Precocious Young Men: Reviews Of Recent Releases By Local Bands, Pt. 87
Guided By Voices - Zeppelin Over China - Guided By Voices Inc. - 32 songs - CD, LP, digital
I did have the thought that it might be a little irrelevant what I think of any new Guided By Voices release. After all, most GBV fans will buy anything they put out and it's relatively rare that someone's gonna just happen to pick up one of their records to check them out. Also, by the time this review is published, there'll be a new one out. I know that sounds like "ha ha because Robert Pollard puts out a new record every week," but seriously, there's a new LP out April 26th, which is before the publishing date of this review. But I decided I'd review it anyway, because maybe someone reading this has heard of Guided By Voices but doesn't really know anything about them and this will sway them one way or another, or, like me, already appreciate some Guided By Voices stuff but are hesitant to pick up anything they put out because they're not sure if it'll be worth their time (I realize this sounds a little harsh, but you've gotta understand that Guided By Voices and any other Robert Pollard projects put out quite a lot of material– it can't all be great). So here I am to help. You know what? This isn't a bad record at all. It sounds quite a lot like "Isolation Drills"-era GBV, I'm assuming in no small part due to the presence of lead guitarist Doug Gillard, who's got some great playing scattered over the four sides here. The entire first LP is really good, with a solid array of songs (my favorite, probably of the whole record, is "Your Lights Are Out," which is upbeat but also melancholy and is just a great tune). Other highlights include the near-glam stomper "Carapace," the more subdued college rock sound of "Send In The Suicide Squad," and the driving "Wrong Turn On" (I especially like the part where the drums stutter off the beat and then back into it– that's a cool touch). "Think. Be A Man" is a cool pounder with the great closing line, "the little girls do not understand" and to finish off the first half of the record is "You Own The Night," which starts as a total pop hit (with the opening line, "What's it like being all that?," which is pretty good), disappears into a seemingly unrelated second part, and then bursts back into the song. It took a while for me to come around to it, but I kinda like it. How about the second half of the album, or record 2 if you have the LP version? Well, like a lot of double albums, it starts to drag a bit. That said, however, I think there's enough decent material that, okay, the second LP is warranted, but only because it's Guided By Voices and the "why didn't they lose some of the filler songs on here" argument is utterly irrelevant. My favorites from the second LP are "Nice About You" (which has a very familiar melody, but I can't think of why), "Where Have You Been All My Life" (which is the closest this album gets to punk and has a melody that almost sounds drunken– I bet this one's fun live), "Enough Is Never At The End" (which is all piano and strings, which is kinda weird to hear on a GBV album but is an interesting change of pace), and "My Future In Barcelona" (which is another one of the best songs on the whole thing). Once I saw that Doug Gillard was responsible for horn and string arrangements (and there are some nice ones on here– particularly on "The Rally Boys" and "Vertiginous Raft") that made me think, "Oh, so he's like Mick Ronson to, I guess, Pollard's Bowie." I don't know how far you can stretch that comparison, but I've brought it this far and that's where I'll leave it. Solidly a good album, I'd say. 4/5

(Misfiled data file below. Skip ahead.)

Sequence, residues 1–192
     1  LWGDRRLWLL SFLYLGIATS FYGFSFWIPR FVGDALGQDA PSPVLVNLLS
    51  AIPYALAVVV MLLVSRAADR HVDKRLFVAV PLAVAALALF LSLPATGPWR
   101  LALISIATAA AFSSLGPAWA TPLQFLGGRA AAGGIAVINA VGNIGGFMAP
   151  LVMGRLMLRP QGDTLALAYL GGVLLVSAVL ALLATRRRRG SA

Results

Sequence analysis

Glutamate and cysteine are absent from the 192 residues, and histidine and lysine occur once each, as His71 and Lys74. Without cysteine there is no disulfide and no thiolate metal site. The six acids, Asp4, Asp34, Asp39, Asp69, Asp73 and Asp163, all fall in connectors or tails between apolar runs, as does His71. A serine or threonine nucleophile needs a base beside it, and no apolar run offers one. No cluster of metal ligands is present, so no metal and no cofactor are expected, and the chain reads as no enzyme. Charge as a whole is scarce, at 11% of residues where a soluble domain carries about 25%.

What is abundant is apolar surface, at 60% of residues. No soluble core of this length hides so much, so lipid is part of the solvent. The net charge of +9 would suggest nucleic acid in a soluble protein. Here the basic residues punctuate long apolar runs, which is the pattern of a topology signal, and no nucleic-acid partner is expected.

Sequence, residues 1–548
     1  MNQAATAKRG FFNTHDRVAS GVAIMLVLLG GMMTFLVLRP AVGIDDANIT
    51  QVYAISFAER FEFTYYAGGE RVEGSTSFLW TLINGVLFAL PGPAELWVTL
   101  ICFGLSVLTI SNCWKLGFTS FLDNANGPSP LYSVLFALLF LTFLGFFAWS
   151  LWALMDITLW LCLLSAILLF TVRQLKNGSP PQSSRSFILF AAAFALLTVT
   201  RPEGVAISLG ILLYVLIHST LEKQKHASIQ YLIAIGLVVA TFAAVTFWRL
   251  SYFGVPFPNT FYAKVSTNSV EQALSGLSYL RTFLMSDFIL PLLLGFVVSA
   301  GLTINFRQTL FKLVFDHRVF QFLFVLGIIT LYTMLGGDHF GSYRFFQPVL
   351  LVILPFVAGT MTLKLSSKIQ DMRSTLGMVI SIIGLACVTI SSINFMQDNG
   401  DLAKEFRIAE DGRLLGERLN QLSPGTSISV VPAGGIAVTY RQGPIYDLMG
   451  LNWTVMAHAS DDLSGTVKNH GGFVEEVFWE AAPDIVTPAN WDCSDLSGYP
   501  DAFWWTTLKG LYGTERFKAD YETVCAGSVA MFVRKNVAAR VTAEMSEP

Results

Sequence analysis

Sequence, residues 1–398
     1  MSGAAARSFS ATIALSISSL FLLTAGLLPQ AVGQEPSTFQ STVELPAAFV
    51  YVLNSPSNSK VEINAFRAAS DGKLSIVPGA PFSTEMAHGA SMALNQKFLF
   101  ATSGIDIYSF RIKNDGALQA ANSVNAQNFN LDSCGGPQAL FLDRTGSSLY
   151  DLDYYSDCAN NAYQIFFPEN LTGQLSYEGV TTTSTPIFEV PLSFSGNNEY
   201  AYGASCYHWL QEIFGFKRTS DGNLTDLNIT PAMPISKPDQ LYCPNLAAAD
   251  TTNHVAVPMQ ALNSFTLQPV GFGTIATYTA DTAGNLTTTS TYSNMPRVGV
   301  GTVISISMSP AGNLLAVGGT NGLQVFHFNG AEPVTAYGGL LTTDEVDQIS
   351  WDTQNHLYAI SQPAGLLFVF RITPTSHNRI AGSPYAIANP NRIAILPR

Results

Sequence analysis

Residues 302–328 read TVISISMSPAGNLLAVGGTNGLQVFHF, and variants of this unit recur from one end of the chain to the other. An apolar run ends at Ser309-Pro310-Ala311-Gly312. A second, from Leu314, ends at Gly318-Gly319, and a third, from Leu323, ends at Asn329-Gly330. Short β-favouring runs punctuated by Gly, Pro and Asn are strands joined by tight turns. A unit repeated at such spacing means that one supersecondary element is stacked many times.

Pink Holes - Pink Holes - Smog Veil Records - 4 songs - 7"
This was the only Record Store Day release I was interested in this year; I'm not sure whether that says more about me or the state of RSD. These are four songs recorded after the Pink Holes' last vinyl release, which was "Breakfast With The Holes" in 1985, and previously released on the CD reissue of that record in 2001. It's an interesting era for the band, where they've kinda learned how to play but haven't yet devolved into the complete pointlessness of 2 Bobs yet. I gotta say, three of the four songs on here are pretty good. I'm not too into "Billy Monster," which they have here as the opening track, but "Frustration Factor" and "Under The Covers" are both decent, sloppy punk tunes ("Under The Covers" was previously released under the more obscure title "Fungarian Function," in case all you Pink Holes fans out there were confused) and "Love, You Bet!" is actually one of my favorite Pink Holes songs, a great and unexpectedly catchy cowpunk kinda tune. It's got windchimes on it, what more could you want? Les Black's vocal performance is pretty stellar across the board here. I also like that this was definitely recorded in the mid-to-late 80s and has the drum sound to match, which is really bizarre to hear on a Pink Holes record, of all places. Wanna hear some complaints about the packaging? The front and back covers are great and the whole thing folds out into a giant Pink Holes poster, but on the other side of said poster, there is an outrageous amount of completely blank panels. What, there were no photos of the band you could put there? No posters? Information about when or where it was recorded? Nothing? You're already printing the thing double-sided, why not have something there? Stupid, but maybe that's the point. Anyway, worth your time and a nice piece of local punk history to have on vinyl. I just wouldn't have picked "Billy Monster." 3.5/5
(smogveil.com, available in stores exclusively at My Mind's Eye and Blue Arrow Records)
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